What I discovered over the years is that hand dyed fabric and stained glass have so much in common. Beautiful colors, striations and mottling are present in both. This makes it so easy to create stained glass quilts using fabric. I have been studying Stained Glass Windows for over 20 years, enough to understand how they are actually made. Remarkable Stained Glass Quilts are not made using bias tape, that’s not how Stained Glass Windows are created. I suggest you look at my quilt Wisteria, part of the permanent collection of The National Quilt Museum, as proof of what I am saying. You will be learning the same exact method I used to make this gorgeous quilt. You will hand draw your own pattern using my photograph in this class but at the same time you will learn how you could easily do this same thing using your very own photo. You will create a piece of art for hanging on your wall at home that you can be proud of. I will give you a choice of completing your project in whichever method of applique you would like to use. Obviously I hope you will choose my Remarkable Hand Applique By Machine method. This class includes a demonstration of how I make my appliques. There is a mandatory $40.00 kit fee for this class which will include everything you need to make your  own remarkable stained glass pattern. If you don’t like the class, there’s 100% money back guarantee for you.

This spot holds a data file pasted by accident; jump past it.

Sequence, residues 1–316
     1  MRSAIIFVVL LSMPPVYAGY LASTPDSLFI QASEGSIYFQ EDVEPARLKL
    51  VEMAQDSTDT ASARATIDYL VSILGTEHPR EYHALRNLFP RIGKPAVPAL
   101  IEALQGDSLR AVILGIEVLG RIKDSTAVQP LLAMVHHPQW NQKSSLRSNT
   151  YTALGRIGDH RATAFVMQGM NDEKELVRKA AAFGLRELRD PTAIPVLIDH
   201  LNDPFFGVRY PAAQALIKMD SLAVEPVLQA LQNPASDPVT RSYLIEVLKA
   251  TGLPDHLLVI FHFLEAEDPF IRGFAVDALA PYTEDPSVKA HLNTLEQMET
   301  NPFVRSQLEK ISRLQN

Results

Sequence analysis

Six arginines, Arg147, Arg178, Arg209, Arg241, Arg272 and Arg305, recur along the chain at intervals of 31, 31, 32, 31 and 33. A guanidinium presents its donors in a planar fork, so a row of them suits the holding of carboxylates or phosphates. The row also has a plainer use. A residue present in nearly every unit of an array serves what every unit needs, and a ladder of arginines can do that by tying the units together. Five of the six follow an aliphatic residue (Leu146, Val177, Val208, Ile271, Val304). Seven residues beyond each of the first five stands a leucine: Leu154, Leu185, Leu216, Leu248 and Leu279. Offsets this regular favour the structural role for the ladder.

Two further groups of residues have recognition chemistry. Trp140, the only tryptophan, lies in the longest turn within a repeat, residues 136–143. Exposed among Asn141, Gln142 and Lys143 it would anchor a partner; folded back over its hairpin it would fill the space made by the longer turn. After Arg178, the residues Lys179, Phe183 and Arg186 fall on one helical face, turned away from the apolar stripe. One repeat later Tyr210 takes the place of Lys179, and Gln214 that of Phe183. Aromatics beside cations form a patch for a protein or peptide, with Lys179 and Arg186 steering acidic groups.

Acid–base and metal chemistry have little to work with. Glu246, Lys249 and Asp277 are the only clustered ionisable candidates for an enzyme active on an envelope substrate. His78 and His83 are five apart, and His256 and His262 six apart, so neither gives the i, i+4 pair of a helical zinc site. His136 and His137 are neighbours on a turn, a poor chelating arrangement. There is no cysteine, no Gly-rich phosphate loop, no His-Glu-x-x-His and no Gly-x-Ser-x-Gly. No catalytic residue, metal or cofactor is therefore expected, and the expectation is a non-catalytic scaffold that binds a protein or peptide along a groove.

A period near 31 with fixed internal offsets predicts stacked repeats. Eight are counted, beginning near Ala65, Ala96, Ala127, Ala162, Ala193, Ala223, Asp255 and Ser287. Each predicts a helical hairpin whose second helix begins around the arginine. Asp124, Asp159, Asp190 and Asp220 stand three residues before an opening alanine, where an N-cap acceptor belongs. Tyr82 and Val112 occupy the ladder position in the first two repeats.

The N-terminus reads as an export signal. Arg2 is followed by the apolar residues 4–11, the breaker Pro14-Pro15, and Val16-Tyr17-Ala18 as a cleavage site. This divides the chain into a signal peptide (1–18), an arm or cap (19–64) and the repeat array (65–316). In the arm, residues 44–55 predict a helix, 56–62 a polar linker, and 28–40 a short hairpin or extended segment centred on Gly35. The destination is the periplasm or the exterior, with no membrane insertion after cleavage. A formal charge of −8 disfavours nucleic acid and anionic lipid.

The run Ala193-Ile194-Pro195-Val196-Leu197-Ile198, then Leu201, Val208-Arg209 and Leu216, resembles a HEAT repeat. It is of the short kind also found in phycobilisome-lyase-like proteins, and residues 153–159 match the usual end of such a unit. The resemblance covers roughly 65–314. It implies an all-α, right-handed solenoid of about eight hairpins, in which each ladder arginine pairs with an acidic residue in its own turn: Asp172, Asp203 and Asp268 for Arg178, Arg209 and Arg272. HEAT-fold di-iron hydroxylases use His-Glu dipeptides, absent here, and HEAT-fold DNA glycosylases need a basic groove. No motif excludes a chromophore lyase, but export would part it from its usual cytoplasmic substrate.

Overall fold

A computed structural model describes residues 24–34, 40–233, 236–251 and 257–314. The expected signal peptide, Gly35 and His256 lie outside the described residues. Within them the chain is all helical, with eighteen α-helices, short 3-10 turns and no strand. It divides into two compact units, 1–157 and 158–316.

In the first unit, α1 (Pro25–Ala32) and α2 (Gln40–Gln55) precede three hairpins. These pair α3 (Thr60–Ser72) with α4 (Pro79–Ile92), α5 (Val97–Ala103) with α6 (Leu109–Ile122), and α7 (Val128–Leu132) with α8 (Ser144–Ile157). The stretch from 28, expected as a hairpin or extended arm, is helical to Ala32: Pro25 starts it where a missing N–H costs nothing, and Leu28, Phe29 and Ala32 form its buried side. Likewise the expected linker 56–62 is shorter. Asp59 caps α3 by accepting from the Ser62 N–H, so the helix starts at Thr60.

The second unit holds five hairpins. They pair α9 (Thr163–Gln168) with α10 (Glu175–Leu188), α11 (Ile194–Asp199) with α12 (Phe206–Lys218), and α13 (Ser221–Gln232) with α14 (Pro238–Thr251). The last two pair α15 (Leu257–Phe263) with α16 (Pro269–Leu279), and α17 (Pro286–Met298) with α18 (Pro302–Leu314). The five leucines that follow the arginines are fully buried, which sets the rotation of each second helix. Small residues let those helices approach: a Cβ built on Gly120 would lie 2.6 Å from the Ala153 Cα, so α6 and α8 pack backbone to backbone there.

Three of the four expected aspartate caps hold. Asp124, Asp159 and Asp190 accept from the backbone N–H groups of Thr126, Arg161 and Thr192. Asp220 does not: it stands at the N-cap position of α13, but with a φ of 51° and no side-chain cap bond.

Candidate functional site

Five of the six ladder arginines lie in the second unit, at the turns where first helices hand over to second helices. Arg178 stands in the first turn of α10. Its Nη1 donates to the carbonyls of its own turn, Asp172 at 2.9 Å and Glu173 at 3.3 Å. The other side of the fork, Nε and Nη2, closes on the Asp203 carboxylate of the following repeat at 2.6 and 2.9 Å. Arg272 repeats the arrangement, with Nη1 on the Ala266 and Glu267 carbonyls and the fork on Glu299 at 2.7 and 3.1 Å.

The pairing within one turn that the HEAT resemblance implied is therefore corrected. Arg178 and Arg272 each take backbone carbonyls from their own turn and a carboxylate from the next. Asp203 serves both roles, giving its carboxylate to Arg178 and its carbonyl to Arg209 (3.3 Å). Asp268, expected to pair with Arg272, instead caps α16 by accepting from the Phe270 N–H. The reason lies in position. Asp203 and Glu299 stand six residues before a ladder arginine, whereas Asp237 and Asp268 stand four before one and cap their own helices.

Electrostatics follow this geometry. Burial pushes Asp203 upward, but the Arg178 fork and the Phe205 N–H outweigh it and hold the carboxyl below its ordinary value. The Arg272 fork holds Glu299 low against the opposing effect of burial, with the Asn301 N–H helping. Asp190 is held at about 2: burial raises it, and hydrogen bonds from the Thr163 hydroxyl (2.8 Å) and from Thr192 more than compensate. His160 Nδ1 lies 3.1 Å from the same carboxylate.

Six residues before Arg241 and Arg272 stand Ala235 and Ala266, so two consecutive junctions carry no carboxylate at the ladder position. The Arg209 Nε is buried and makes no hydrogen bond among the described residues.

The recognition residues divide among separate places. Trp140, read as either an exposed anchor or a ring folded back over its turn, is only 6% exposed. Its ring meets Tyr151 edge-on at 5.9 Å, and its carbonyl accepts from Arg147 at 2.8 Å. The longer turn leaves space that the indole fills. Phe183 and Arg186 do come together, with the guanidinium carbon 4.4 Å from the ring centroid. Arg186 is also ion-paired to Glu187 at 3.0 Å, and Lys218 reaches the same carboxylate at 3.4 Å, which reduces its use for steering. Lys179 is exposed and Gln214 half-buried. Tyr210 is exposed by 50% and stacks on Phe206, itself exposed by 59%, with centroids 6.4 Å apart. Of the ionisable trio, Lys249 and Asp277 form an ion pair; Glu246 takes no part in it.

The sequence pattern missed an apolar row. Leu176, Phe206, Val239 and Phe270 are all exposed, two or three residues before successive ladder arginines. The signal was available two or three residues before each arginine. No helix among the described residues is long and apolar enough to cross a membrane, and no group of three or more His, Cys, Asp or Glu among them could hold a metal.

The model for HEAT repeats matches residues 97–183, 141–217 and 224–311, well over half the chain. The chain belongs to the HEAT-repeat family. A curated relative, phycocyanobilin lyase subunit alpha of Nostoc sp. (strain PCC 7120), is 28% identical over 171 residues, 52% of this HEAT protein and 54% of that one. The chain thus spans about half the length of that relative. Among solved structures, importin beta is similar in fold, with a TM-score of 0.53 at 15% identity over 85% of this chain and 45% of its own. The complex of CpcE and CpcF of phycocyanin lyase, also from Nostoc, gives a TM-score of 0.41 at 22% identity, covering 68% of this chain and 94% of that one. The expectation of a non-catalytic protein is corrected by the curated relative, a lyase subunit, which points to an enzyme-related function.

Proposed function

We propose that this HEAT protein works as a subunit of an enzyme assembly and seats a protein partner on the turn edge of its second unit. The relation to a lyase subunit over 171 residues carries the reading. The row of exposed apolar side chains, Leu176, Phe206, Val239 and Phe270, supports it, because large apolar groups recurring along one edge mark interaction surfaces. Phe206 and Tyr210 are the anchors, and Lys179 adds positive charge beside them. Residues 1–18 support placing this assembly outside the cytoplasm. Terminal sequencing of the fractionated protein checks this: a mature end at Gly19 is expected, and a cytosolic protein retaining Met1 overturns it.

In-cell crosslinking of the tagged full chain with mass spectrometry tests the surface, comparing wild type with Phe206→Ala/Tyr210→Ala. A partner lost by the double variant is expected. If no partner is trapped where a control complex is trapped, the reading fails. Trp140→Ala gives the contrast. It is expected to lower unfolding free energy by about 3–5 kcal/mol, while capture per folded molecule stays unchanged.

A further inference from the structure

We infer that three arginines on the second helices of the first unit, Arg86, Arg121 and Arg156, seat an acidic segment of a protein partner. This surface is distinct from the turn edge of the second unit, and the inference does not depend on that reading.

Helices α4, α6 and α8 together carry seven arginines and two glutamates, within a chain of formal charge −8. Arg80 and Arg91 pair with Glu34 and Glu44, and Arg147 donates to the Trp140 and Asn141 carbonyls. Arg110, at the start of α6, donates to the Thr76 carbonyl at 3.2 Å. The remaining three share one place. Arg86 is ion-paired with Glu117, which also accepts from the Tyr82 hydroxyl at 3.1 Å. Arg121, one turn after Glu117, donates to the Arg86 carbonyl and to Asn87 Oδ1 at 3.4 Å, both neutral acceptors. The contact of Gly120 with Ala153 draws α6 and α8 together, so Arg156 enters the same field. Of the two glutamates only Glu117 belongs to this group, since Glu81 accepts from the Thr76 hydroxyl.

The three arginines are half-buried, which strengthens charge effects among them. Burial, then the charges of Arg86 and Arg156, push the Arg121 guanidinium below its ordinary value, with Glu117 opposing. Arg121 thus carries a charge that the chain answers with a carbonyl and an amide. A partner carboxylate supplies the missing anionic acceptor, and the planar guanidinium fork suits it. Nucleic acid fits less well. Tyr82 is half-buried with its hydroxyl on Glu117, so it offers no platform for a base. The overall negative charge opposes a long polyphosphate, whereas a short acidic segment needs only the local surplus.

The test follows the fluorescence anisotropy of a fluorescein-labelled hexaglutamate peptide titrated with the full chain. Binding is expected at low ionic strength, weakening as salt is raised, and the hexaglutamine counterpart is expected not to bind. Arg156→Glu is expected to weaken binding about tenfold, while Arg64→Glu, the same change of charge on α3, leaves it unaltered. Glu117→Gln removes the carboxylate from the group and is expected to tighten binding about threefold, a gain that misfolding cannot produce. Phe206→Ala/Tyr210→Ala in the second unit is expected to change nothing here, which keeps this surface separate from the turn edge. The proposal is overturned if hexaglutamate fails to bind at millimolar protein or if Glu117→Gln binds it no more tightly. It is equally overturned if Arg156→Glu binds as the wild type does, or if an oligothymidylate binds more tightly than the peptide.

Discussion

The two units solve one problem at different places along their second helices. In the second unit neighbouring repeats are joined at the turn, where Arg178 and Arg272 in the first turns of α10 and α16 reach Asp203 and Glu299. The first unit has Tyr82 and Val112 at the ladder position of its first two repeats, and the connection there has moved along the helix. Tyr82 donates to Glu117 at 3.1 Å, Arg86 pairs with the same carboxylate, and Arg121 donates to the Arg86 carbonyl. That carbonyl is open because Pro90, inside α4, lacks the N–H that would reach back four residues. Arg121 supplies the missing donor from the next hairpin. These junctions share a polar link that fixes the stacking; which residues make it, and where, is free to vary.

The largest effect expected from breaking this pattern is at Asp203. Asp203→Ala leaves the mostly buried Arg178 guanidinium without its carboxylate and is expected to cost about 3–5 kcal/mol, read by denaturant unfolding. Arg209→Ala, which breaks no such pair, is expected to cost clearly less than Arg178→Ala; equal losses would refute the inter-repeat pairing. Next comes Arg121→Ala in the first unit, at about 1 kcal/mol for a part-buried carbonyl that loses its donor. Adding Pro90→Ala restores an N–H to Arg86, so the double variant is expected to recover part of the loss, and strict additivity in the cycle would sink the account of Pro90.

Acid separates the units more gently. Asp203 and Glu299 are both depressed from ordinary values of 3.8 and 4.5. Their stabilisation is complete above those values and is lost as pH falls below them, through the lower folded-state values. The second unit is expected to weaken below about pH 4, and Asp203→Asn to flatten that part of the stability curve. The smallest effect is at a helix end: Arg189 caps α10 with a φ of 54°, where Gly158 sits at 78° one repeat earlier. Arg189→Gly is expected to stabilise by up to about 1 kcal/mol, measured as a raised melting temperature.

What to Expect from this Class

I will be giving you a lot of personal attention in this class. I want to be sure that the pattern that you make is doable in applique so I will check and recheck your work to make sure that you are on the right track. I expect you to arrive to class well rested and ready to learn. All levels of quilters should be able to learn how to make a stained glass quilt pattern and quilt. Download the supply list by clicking Here before showing up to class.

Want to schedule this class for your group? Then download Mark Sherman’s contract in the link below. Ask about availability.

Download Here

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“Wisteria” Part of the Permanent Founder’s Collection in the National Quilt Museum.

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